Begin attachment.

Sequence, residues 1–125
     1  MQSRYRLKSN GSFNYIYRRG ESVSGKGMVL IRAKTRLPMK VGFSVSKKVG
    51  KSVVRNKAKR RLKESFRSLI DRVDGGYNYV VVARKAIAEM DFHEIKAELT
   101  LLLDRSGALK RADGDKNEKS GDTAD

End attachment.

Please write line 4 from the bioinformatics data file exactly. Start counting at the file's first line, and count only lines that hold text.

   101  LLLDRSGALK RADGDKNEKS GDTAD